Heart & Vascular, Transplant

Could Cardioneuroablation Replace Pacemakers as Treatment of Choice for Transplant Patients?

Sep. 22, 2023 - Eden McCleskey

A Houston Methodist doctor has shown that post-transplant heart block can be abolished with cardioneuroablation, a minimally invasive method that could eschew many of the risks that result when surgeons implant a pacemaker device.

The case  the first of its kind in the world  was written up in the Journal of the American College of Cardiology: Clinical Electrophysiology.

"The patient was discharged without further atrioventricular (AV) blocks and showed 100% ventricular sensing without pacing at three-month follow-up," said Dr. Miguel Valderrabano, a Houston Methodist electrophysiologist and author of the paper. "This is a conceptual breakthrough that suggests that cardioneuroablation could be an alternative mode of treatment to pacemakers in similar cases of orthotopic heart transplant."

Orthotopic heart transplant is the most common treatment for end-stage heart disease, but it often causes complications such as arrhythmias, sinus node dysfunction or heart block, a partial or complete disruption of the electrical impulses that control the beating of the organ. In such cases, a permanent pacemaker is implanted to accompany the new heart.

Pacemakers help control slower heart rates and long-term arrhythmias, but the implantation surgery comes with several risks, including infection, swelling, bruising, bleeding, blood clotting, damage to blood vessels or nerves as well as a collapsed lung.

Cardioneuroablation, on the other hand, is a simple 30-minute procedure performed using radiofrequency catheter ablation. It results in fewer complications.

Dr. Valderrabano's patient had a paroxysmal heart block, an ominous condition characterized by a sudden, complete AV block and no escape rhythm.

The 23-year-old had a history of multiple heart transplants for congenital dilated cardiomyopathy, first as a 1-year-old, then as a teenager for coronary vasculopathy, and again in 2022 because of rejection.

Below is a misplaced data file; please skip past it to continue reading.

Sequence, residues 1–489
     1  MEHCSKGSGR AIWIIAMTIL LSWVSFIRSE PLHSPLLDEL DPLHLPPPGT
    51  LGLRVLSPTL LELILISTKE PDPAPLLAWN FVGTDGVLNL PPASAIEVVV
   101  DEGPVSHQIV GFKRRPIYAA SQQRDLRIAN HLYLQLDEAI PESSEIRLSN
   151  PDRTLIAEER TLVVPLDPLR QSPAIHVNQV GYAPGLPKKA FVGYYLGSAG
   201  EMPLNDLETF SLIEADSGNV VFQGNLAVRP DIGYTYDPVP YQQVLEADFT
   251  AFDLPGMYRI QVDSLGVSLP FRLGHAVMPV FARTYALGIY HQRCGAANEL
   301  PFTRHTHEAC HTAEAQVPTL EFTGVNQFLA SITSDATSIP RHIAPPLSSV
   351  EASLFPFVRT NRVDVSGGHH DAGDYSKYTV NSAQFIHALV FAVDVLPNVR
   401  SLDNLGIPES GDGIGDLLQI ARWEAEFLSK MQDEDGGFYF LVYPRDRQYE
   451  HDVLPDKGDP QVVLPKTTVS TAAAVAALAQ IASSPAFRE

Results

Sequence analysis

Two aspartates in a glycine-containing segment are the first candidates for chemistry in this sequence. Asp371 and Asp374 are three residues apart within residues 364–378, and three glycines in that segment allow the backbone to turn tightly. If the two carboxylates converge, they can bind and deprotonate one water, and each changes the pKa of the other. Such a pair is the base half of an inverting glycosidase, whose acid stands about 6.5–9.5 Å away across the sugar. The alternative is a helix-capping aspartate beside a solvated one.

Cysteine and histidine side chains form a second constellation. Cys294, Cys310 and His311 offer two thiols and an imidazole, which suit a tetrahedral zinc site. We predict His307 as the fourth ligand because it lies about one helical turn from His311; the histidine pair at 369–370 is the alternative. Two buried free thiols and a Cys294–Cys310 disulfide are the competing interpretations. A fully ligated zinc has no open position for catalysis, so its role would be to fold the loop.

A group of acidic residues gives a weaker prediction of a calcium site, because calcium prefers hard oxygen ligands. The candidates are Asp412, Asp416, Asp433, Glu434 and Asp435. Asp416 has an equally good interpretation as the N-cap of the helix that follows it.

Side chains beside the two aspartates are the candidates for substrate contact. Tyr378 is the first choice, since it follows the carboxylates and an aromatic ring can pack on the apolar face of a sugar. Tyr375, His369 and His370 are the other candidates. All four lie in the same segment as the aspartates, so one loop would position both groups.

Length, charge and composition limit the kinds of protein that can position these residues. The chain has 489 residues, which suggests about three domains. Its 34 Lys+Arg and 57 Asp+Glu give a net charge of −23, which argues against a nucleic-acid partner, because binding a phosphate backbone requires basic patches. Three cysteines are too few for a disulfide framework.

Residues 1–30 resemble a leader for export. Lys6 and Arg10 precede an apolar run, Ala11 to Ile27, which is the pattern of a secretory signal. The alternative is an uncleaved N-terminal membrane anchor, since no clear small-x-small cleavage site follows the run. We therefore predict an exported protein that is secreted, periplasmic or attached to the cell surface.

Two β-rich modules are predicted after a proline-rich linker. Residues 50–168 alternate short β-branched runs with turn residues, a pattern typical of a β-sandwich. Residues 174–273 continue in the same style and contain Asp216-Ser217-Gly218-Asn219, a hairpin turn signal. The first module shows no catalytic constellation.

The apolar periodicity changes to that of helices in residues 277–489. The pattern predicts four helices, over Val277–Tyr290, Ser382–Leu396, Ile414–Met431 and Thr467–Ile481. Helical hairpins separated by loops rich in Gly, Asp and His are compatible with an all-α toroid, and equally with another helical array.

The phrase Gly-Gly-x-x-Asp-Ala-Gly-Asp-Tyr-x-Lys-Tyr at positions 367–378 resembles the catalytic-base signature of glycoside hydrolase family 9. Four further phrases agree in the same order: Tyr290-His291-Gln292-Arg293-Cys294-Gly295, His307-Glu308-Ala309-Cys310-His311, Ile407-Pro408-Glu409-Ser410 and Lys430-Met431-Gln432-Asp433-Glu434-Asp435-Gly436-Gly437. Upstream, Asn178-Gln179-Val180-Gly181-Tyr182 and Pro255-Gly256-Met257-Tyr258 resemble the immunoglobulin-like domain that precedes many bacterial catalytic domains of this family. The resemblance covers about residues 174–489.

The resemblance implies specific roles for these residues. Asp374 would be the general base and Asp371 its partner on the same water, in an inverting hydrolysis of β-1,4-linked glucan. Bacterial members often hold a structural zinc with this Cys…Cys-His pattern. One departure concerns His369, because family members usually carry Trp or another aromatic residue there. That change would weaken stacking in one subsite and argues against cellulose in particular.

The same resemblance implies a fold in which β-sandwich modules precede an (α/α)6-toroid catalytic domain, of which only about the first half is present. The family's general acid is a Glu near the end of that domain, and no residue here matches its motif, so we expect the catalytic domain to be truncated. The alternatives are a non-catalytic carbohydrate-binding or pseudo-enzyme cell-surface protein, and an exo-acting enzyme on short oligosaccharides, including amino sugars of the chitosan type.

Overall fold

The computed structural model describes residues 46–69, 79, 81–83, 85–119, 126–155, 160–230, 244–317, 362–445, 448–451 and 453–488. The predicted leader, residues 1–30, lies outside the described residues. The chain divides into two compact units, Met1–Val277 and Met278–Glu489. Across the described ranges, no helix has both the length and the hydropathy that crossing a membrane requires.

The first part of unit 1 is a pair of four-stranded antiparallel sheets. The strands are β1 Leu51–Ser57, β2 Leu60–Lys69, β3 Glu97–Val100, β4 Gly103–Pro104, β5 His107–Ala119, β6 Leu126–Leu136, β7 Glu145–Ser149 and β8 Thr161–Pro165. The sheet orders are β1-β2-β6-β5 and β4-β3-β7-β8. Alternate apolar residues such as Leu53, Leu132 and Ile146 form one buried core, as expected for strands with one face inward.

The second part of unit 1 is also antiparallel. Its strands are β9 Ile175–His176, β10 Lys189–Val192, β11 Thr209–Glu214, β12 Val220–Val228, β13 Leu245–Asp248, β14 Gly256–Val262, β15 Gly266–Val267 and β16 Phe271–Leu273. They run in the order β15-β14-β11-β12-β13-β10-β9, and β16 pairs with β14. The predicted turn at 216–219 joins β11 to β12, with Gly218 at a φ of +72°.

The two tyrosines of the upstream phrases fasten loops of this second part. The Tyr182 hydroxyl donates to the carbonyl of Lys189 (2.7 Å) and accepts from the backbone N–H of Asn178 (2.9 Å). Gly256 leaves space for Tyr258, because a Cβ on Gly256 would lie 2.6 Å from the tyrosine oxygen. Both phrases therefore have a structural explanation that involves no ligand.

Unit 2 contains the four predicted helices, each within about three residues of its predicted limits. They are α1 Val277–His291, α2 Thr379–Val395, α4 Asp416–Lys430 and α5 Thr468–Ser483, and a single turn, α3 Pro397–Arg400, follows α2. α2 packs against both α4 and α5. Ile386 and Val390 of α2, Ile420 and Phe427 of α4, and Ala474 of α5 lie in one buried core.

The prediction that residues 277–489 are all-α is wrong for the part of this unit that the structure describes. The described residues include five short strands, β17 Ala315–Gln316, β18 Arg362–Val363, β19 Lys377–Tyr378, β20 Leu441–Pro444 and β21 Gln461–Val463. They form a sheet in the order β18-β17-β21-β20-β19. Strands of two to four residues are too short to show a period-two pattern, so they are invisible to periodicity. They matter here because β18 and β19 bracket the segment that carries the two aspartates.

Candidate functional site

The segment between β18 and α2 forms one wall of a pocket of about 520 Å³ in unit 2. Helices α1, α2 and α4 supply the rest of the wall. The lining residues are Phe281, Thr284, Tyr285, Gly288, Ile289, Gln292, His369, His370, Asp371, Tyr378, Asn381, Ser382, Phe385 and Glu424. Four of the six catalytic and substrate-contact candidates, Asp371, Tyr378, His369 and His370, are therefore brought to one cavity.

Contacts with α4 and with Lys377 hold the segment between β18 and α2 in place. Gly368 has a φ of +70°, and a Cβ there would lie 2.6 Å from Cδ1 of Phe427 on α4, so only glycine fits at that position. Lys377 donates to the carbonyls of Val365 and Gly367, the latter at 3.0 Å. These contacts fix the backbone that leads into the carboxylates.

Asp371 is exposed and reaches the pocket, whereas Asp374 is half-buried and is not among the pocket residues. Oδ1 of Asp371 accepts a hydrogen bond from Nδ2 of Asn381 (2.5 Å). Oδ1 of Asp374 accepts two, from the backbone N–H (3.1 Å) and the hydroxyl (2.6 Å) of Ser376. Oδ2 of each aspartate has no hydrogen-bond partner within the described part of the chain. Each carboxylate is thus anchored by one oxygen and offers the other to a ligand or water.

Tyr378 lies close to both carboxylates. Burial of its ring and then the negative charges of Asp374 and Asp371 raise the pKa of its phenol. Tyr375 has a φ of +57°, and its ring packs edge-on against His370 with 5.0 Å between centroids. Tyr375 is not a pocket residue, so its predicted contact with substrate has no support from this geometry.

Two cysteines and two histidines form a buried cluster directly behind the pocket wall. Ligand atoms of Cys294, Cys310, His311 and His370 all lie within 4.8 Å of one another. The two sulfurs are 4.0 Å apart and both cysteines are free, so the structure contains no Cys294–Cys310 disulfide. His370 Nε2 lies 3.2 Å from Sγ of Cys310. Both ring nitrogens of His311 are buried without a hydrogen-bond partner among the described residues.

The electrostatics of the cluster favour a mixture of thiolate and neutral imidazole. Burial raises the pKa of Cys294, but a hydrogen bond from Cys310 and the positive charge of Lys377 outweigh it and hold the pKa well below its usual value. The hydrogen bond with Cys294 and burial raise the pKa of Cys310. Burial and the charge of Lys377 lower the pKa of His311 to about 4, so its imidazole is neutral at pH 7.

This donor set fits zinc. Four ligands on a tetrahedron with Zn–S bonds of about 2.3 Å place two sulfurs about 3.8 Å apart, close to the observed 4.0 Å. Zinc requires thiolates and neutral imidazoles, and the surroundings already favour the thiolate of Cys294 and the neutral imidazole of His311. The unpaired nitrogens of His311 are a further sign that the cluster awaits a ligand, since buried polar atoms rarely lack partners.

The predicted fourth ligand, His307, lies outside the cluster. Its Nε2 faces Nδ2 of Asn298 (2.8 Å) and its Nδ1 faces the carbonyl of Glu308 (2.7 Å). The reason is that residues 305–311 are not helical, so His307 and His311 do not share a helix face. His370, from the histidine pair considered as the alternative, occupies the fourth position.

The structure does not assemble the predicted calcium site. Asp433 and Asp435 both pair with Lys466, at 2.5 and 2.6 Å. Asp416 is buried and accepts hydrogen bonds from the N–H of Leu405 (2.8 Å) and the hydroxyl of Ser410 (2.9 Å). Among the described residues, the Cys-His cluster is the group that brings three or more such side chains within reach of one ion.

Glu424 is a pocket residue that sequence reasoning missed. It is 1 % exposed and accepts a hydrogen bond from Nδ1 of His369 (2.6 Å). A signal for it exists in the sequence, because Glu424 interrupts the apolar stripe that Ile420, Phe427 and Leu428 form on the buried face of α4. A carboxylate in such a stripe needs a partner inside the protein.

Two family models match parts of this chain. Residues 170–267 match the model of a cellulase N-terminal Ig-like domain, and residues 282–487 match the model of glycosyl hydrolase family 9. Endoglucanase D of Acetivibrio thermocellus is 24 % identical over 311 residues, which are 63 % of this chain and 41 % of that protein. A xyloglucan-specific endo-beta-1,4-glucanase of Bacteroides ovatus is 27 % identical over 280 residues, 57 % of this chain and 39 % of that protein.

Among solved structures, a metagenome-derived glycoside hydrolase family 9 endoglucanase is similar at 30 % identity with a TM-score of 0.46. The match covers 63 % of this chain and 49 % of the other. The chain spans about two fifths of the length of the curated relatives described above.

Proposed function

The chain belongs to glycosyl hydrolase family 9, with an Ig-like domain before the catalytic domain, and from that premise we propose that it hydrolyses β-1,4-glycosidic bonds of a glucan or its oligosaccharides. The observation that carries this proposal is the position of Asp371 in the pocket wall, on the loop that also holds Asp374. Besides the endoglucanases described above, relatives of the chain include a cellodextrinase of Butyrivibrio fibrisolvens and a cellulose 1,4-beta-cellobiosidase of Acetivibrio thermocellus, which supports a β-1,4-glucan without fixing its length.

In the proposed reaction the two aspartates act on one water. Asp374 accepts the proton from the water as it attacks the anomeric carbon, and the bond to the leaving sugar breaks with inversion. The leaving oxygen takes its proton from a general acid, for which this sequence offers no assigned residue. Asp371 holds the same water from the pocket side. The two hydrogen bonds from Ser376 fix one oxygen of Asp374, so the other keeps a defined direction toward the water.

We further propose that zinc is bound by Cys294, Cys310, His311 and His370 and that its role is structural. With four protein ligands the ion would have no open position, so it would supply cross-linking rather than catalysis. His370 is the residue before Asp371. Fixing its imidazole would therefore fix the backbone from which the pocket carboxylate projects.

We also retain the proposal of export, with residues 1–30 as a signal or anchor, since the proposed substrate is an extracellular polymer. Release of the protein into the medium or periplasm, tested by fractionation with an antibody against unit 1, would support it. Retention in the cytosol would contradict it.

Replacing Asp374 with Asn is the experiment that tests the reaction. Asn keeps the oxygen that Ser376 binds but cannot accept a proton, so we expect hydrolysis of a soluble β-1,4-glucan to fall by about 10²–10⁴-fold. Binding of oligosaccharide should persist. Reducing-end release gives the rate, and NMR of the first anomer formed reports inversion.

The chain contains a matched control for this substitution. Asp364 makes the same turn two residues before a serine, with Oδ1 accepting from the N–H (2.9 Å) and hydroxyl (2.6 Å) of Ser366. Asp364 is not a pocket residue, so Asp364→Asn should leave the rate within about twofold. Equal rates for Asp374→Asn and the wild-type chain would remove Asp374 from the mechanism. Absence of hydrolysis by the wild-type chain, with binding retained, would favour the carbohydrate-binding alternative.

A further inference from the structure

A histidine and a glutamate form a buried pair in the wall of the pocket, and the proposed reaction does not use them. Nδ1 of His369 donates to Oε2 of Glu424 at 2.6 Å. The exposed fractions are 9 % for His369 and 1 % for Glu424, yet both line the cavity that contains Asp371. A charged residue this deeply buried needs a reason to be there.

After his third transplant, the patient demonstrated a high-degree AV block while asleep and underwent a dual chamber pacemaker implantation because of the perceived high risk of sudden death owing to a bradyarrhythmia (abnormally slow resting heart rate). Interestingly, the patient's nerves were being activated autonomously, a novel finding in and of itself.

Dr. Valderrabano cautiously explored the avenue of cauterizing nerves in the newly transplanted heart, a technique that has been used to prevent fainting and improve outcomes in people with slow heart rates since its invention in the 1990s.

"We suspected a neurally mediated mechanism of his paroxysmal atrioventricular block because of the absence of graft dysfunction," Dr. Valderrabano explained. "If high-frequency stimulation of the intrinsic cardiac nerve could replicate the AV block, we reasoned that ablation would be therapeutic."

The case demonstrates the possibility that cardioneuroablation could potentially replace permanent pacemakers while offering improved outcomes for transplant recipients with heart blocks. A prospective clinical trial, even one with a small sample size, would help shed more light on the probability of success, Dr. Valderrabano said.

To learn more and see imaging from the case, check out the full story in Methodology, a publication from the Houston Methodist Academic Institute.

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Cardiac Surgery Heart Failure